Her free public talk will be held in the Trabant University Center Theatre. Guzman, also is the founder of SOLOELLA.com, a bilingual web site for Hispanic women.
At 7 p.m., Tuesday, April 17, Literatura Y Cine will present a free public screening of the film Don Segundo Sombra in 206 Kirkbride Lecture Hall. The film celebrates the lifestyle of the gauchos, Argentinean cowboys who occupied the pampas up until the beginning of the 20th century. It tells the story of a 14-year-old orphan who endures an unhappy life with his aunt until he meets Don Segundo Sombra, an old gaucho. The two spend the next five years together, living a nomadic lifestyle as the boy learns all the customs, traditions, dances, games, songs and work of the gaucho.
On Saturday, April 28, a bus trip is planned to New York City with a special stop at El Museum del Bario in Spanish Harlem, which houses more than 8,000 pieces of pre-Columbian and contemporary artifacts from Puerto Rico, Central and South America. The bus will depart from UD at 9 a.m. and return at 8 p.m. For information, call the Center for Black Culture at 831-2991.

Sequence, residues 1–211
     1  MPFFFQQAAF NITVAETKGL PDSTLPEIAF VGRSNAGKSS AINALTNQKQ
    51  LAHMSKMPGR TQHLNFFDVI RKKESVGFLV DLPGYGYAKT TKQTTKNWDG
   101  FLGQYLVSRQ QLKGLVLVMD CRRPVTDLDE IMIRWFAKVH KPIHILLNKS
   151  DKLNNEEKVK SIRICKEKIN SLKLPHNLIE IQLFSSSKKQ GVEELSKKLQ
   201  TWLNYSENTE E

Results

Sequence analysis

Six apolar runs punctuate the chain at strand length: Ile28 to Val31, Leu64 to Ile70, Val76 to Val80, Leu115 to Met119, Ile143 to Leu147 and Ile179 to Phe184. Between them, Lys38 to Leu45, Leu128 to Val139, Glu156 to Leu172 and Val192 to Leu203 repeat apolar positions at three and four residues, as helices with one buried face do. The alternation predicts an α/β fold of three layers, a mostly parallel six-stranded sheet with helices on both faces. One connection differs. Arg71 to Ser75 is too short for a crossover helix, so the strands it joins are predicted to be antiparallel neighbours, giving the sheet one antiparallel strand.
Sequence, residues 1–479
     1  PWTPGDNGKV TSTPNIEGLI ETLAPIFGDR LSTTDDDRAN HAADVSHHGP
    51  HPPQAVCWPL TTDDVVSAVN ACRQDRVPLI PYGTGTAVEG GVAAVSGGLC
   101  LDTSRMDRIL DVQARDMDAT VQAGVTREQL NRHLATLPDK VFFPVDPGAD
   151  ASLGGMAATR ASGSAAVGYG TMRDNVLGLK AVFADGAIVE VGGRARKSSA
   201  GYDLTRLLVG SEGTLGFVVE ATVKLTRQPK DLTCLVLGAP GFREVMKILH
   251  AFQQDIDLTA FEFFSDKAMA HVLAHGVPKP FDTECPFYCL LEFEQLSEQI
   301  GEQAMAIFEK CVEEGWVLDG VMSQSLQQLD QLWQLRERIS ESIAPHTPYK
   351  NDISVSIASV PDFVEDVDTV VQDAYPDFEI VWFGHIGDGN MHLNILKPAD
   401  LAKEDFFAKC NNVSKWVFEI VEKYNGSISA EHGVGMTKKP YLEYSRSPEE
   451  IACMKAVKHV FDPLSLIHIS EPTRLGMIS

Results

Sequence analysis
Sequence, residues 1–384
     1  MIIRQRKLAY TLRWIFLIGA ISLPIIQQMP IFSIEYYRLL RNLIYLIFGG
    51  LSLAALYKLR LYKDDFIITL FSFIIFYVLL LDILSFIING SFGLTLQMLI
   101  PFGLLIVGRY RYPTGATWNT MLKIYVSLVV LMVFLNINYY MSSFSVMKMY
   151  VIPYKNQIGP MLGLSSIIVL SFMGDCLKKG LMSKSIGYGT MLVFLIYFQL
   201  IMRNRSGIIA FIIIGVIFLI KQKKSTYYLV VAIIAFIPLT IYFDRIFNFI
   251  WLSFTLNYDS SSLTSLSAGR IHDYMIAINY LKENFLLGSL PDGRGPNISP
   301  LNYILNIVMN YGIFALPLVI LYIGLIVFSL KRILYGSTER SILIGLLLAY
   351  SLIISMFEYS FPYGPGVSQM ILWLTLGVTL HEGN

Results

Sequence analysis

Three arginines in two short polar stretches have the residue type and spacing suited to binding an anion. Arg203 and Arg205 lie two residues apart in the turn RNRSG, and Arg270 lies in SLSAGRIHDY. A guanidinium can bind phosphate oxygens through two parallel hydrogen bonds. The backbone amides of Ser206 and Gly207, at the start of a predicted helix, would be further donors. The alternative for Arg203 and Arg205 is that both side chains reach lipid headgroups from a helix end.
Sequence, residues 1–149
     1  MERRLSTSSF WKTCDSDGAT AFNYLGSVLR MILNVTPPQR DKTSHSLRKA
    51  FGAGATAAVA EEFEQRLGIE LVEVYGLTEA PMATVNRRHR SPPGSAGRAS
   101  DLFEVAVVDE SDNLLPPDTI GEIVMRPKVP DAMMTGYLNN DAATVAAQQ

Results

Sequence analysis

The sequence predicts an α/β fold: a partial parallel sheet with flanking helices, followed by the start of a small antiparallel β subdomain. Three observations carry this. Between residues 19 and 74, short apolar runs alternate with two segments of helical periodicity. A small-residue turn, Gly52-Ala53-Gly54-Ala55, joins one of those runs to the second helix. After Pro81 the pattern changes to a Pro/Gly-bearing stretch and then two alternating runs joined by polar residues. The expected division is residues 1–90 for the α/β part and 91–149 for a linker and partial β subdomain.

Garden workshops scheduled
The New Castle County Master Gardeners are offering two workshops this month.
"Beds and Borders" will be held from 9:30-11:30 a.m., Tuesday, April 10, at the New Castle County Cooperative Extension office at 910 South Chapel St., Newark. The workshop fee is $12.
"I Hate My Lawn (and How To Grow the One You Want)" is a two-session workshop and will be held from 6:30-9:30 p.m., Monday, April 16, and Wednesday, April 18, in the Fischer Greenhouse. The cost is $24 for the two sessions.
For a registration form and a brochure listing all the workshops, call 831-2506 or visit the web site at [http://ag.udel.edu/ncc/].
Former 'Time' correspondent
Jaime (Jimi) FlorCruz, former Beijing bureau chief for Time magazine, will speak at 7:30 p.m., Thursday, April 12, in 125 Clayton Hall. His free public talk is part of the Global Agenda 2001 lecture series.